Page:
Finally, during a National Constitution Center panel last summer at Independence Hall in Philadelphia on America’s Biggest Constitutional Crises, Annette Gordon-Reed of Harvard Law School argued that constitutional crises take the form of structural conflicts which the Founders of the Constitution never addressed or crises that require changing the Constitution itself.
Using these relatively narrow definitions, was the firing of Comey a constitutional crisis? Many commentators have compared the firing to the “Saturday Night Massacre” of October 20, 1973—in which President Nixon fired Watergate Special Prosecutor Archibald Cox, accompanied by the resignations of Attorney General Elliot Richardson and Deputy Attorney General William Ruckelshaus. “This has every appearance of a brazen cover-up, a possible act of obstruction of justice, just as much as Richard Nixon firing the Watergate special prosecutor Archibald Cox in October 1973,” writes Michael Waldman. “That’s the only comparable historical precedent. That led to a constitutional crisis and a public outpouring of anger.” But although the Saturday Night Massacre has sometimes been called a constitutional crisis, Nixon didn’t act illegally by firing a member of the Justice Department, and Nixon’s resignation in the face of impeachment prevented a constitutional crisis rather than precipitating one. Nixon would have precipitated a type one constitutional crisis if he had refused a Supreme Court order to turn over recordings of conversations in the Oval Office, as he was contemplating doing at the time, The New York Times reported in 1974:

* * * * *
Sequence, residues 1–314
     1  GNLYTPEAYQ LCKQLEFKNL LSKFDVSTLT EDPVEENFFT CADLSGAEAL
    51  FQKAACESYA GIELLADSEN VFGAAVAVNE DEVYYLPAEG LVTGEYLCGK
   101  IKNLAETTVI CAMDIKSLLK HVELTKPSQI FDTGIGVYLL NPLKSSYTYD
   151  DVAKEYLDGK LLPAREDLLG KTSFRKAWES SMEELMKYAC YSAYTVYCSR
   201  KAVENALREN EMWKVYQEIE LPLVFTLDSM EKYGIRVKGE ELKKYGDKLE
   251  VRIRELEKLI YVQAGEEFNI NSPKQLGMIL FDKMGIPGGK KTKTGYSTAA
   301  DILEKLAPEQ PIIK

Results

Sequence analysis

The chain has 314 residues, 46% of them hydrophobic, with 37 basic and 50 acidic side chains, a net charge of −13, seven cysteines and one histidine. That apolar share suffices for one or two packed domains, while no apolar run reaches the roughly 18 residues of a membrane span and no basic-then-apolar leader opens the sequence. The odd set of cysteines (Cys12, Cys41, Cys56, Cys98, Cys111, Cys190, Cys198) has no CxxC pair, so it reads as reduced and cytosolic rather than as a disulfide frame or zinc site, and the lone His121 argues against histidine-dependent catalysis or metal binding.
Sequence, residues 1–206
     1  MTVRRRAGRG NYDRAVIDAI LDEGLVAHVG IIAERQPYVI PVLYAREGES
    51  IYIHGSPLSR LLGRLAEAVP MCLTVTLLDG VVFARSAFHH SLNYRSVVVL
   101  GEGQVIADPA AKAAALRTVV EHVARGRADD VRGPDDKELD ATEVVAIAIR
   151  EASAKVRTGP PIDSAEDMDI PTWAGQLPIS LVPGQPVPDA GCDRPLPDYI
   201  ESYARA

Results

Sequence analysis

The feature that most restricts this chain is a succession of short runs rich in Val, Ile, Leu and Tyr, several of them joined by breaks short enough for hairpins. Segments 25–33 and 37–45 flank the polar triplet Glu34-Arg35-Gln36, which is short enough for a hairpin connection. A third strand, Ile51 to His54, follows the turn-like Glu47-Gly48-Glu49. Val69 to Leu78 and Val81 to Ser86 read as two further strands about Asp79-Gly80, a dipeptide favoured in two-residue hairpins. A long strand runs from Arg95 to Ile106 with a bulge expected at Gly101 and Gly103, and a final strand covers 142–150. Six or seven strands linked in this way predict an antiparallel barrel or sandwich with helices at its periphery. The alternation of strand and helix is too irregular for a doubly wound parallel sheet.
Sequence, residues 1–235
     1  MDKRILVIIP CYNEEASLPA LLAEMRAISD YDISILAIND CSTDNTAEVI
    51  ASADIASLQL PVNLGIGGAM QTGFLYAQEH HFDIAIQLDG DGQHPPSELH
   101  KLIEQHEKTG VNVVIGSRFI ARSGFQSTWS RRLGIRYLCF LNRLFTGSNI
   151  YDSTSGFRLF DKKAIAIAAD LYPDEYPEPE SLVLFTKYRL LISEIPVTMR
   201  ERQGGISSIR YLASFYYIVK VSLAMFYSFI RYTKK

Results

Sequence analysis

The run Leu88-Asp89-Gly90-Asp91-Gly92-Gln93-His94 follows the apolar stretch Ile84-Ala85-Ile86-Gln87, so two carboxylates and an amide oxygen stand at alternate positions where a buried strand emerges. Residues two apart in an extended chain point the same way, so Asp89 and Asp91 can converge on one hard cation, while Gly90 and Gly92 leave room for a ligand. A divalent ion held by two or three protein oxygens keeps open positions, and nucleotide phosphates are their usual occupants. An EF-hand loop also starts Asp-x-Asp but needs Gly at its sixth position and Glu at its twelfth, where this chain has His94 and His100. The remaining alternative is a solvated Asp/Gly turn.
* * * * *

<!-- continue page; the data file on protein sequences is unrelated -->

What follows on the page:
President Nixon's chief defense lawyer, James D. St. Clair, said today that he did not know whether the President would obey a Supreme Court order to turn over subpoenaed White House tapes.
Mr. St. Clair made it clear that the President was at least keeping open the option of defying the Court.
He also made clear what the President's explanation would be should be defy the Court: the “public interest.” ….
As a result, he raised the prospect of a monumental constitutional, collision, unprecedented in the nations history. For although at least one former President is known to have considered defying the Supreme Court, no President, as far as is known, has ever done so ….
The Court could, of course, decide, in Mr. Nixon's favor decide, before, a surprise decision by the Court averted another potential confrontation between a President and the Court. This was in 1935, when the Court was considering the so‐called “Gold case,” a complicated lawsuit involving the abrogation of the promise to pay gold to bond holders.
President Roosevelt, expecting an adverse decision, had prepared what Arthur M. Schlesinger Jr., the historian, terms “a dissent of his own in the shape of a set of proclamations and orders nullifying an adverse Supreme Court decision,” The President had prepared a radio speech to the nation to advise it of his action.
But by a five‐to‐four vote, the Court made the speech unnecessary.
Whether or not Trump’s firing of Comey evolves into a constitutional crisis ultimately depends on what happens next. If Trump publicly refuses to obey a legal order from Congress or the Senate or a special prosecutor, that unprecedented defiance would qualify as our first type one constitutional crisis since the ratification of the Constitution itself. If, to invent a sweeping hypothetical, evidence emerged of treasonous conduct toward Russia by Trump in office—the paradigmatic impeachable offense—Congress refused to impeach, and the states responded by sending militias on Washington, that would be a type three constitutional crisis. And if disagreement about how to resolve the Russia investigation led to civil war between red states and blue states, that would be a type two constitutional crisis. At the moment, however, we have constitutional conflict without a constitutional crisis, and for that merciful reality we can be thankful.